Should Wellness be replaced by Well-Being?
By Michael Arloski
The term “Well-being” may have come along at just the right time. Public speakers and marketers are re-branding “wellness” as “well-being” by saying that well-being is more complete, more holistic. Well-being, they say, incorporates the whole person, their environment, their financial picture, their career, etc. On the one hand it’s too bad that we have to invent a new term to refresh our memory of what wellness really is. On the other, with the way that corporations and organizations have allowed their wellness programs and products to deteriorate into overly simplistic efforts, based on single-measurable-variable pieces of research, well-being may be the kick in the pants that reminds us about “Whole-Person Wellness”.
Twenty to forty-year veterans of the wellness and health promotion field hear speakers appear to create false distinctions between the terms well-being and wellness. And yet, are they indeed false distinctions?
Has the term wellness been worn out? It has certainly been misused and abused. Here in Northern Colorado a wellness center is probably a medical marijuana dispensary. Google the word and the number one listing on that search engine is always the Wellness brand of dog and cat food.
What may be more disturbing though, is how we have come to look at wellness in ways that jettison its original holistic meaning. In an effort to be more scientific and evidence-based, we have embraced research efforts to show the effectiveness of our approaches to wellness and health promotion. While this research is important and has yielded much of great value, too much of it has been focused on what could be called the measurement of a single variable. As we’ve tried to apply the scientific method to this cause we’ve oversimplified our approach far too often. When we want to study the health behavior of human populations the challenge is daunting.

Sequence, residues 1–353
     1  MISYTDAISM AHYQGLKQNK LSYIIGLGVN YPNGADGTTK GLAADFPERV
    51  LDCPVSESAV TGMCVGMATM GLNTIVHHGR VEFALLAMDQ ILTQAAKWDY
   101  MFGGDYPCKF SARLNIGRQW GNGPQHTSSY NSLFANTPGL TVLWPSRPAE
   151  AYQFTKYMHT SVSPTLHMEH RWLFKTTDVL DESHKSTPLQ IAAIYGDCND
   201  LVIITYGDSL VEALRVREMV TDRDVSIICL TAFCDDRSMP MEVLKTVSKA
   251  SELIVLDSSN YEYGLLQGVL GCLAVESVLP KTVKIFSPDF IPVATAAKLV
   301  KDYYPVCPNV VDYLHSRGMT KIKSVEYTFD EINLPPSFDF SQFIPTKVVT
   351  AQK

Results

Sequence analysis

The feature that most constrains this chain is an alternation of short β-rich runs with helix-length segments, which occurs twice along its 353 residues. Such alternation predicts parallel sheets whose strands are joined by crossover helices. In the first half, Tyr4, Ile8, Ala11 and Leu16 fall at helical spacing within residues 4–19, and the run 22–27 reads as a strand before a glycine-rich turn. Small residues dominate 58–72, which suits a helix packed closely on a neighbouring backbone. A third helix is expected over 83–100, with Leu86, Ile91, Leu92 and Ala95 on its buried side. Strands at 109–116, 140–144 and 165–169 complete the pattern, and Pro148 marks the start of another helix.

It’s easy to control extraneous variables in a “Skinner Box”*. Any social scientist will tell you
that people are a lot more complicated. The result has been too many health behavior studies measuring one aspect of activity, one blood lipid level, one blood sugar level. While those little building blocks all help to assemble the scientific foundation we need, too much is concluded from them. In our online digital world a simple study with twenty subjects, run one time, has its results proclaimed as headline news.
Following the medical world, where the threat of litigation for malpractice hovers over every practice like a vulture, we have sought to provide only programming that is evidence-based. That means, as Dee Edington stated at the 2013 American College of Lifestyle Medicine Conference, “if you only do evidence-based [programs] you’ll never innovate!” The temptation is to dumb-down our concept of wellness to just physical fitness and nutrition. The temptation is to be happy that we got someone to walk three times a week and call it good.